As the Khmer Rouge tribunal yesterday concluded the first week of technical hearings in the trial of four senior regime leaders, former head of state Khieu Samphan announced in a speech that he would cooperate with the court to share his version of events.
The only defendant who has spoken at length since the trial began Monday, Khieu Samphan also demanded that the court hear witnesses proposed by his defense team. Yesterday’s half-day public hearing was devoted to discussing, under pseudonyms, people who might be called to testify later this year.
This “is a very important moment for me and for my fellow Cambodian citizens, who are hungry for understanding what happened between 1975 and 1979,” he began. “I personally have been waiting for the moment for so long…. As long as I feel as healthy as I am today, I will contribute to the best of my capacity, of course to the bottom of my heart, to assist or cooperate with the work of the court.”
The court’s other elderly defendants—Brother Number Two Nuon Chea, 84, Foreign Minister Ieng Sary, 85, and Social Action Minister Ieng Thirith, 79—-all appear more fragile than Khieu Samphan, also 79.
Reading from what appeared to be a page of typed remarks, Khieu Samphan went on to complain that none of his witnesses were on the court’s provisional list, and that the fairness of proceedings could be compromised if they were not allowed to speak on his behalf.
He said the people in question “have known me very well, they have been close to me, they have known where I would be doing anything, and of course they would have a very good account of me.”
“They shall be heard,” he concluded. “I don’t say they should, but they shall be heard.”
Before and after his remarks, Khieu Samphan offered a “sincere salute” to the monks in the audience. He and his co-defendants are accused of formulating policies to eradicate religion that led to the widespread destruction of pagodas and defrocking of monks.
Civil party Hun Choem, 76, from Takeo province’s Tram Kak district, said he supported Khieu Samphan’s bid for more witnesses.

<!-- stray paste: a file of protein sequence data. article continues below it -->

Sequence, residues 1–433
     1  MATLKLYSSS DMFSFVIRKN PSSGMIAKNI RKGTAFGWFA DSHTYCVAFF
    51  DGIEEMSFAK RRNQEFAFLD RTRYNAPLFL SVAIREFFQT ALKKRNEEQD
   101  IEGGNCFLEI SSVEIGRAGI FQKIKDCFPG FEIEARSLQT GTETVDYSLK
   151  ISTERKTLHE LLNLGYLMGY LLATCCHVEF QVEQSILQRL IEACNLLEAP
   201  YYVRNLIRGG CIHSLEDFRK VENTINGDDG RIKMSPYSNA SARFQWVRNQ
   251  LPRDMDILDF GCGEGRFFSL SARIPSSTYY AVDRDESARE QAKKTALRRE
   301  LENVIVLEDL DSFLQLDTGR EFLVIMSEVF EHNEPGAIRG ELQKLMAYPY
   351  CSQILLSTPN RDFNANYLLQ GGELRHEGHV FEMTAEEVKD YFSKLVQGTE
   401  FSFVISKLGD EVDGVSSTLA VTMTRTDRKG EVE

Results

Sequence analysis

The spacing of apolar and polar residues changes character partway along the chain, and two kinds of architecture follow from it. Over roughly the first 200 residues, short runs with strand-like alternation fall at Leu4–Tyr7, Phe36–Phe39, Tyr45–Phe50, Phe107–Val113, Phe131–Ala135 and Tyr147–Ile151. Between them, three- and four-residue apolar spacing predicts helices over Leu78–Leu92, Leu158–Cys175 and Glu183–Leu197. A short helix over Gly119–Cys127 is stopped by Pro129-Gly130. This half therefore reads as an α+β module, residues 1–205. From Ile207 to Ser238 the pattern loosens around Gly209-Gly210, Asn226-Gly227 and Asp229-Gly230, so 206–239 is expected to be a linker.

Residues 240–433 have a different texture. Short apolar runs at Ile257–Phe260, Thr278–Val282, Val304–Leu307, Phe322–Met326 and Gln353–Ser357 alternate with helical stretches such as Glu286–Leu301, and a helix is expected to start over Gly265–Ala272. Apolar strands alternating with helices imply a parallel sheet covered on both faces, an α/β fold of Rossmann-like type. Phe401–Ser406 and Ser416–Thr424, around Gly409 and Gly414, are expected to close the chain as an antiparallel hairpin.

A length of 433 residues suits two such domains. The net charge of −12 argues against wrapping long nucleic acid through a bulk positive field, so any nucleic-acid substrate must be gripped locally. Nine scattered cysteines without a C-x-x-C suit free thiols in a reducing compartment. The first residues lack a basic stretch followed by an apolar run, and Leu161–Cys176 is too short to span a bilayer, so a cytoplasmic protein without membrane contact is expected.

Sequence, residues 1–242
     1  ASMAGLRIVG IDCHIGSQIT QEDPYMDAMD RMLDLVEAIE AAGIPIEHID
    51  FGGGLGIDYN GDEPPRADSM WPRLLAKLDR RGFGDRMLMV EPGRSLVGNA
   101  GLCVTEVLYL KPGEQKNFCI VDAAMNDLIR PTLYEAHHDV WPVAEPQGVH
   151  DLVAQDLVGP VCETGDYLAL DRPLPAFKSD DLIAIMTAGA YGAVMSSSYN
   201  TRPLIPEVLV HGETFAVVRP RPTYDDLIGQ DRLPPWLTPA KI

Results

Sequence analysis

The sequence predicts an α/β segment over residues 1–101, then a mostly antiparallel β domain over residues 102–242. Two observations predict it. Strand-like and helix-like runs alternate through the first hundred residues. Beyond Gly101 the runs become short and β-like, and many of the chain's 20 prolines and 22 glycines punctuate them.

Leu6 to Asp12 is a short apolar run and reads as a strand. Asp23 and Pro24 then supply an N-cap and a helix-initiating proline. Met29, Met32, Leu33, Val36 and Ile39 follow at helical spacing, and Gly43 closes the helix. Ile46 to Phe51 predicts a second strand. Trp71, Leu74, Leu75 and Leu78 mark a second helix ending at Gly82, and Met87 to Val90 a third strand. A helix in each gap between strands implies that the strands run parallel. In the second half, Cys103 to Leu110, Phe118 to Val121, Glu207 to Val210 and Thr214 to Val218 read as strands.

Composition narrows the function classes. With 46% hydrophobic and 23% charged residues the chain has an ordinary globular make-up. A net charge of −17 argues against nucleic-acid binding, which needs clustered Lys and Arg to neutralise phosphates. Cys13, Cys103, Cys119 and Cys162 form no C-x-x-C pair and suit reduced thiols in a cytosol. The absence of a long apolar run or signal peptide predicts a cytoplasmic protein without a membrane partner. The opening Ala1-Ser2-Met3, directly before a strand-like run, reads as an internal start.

“To give a fair trial to both parties, the victims and the accused, I support the Trial Chamber to agree to the request made by Mr Khieu Samphan today,” he said. “If [the defendants] provide potential witnesses, it will reveal all the corners of the facts behind the mass killing in their regime.”
But time is of the essence. In the significantly less complicated 2009 trial of Kaing Guek Eav, best known as Duch, the court managed to hear the testimony of just 55 witnesses, victims and experts over 72 days. Duch was also younger and healthier than Case 002’s defendants, and unlike them, he largely accepted the charges against him.
In Case 002, prosecutors, defense teams and civil parties have nominated hundreds of factual and expert witnesses, with the Nuon Chea defense alone requesting over 300, a reduction from the 527 they had nominated earlier this year. Judges attempted this week to whittle down that number into a more manageable list but the parties may still nominate more witnesses.
As the names are still confidential, yesterday’s public discussion was brief.
But in remarks that were quickly interrupted by judges, Victor Koppe, a Dutch lawyer for Nuon Chea, accused the court of excluding key defense witnesses who could testify on Vietnam’s policies toward the Khmer Rouge. He then all but named Pen Sovann as one of them.
“Mr X is perhaps best known as the first Prime Minister of Vietnam’s puppet government in Cambodia, the People’s Republic of Kampuchea,” Mr Koppe said before being cut off and admonished by Judge Nil Nonn, the Trial Chamber’s president.
Although Nuon Chea had previously refused to remain in court when his own case was not being discussed, he sat through yesterday’s entire session.
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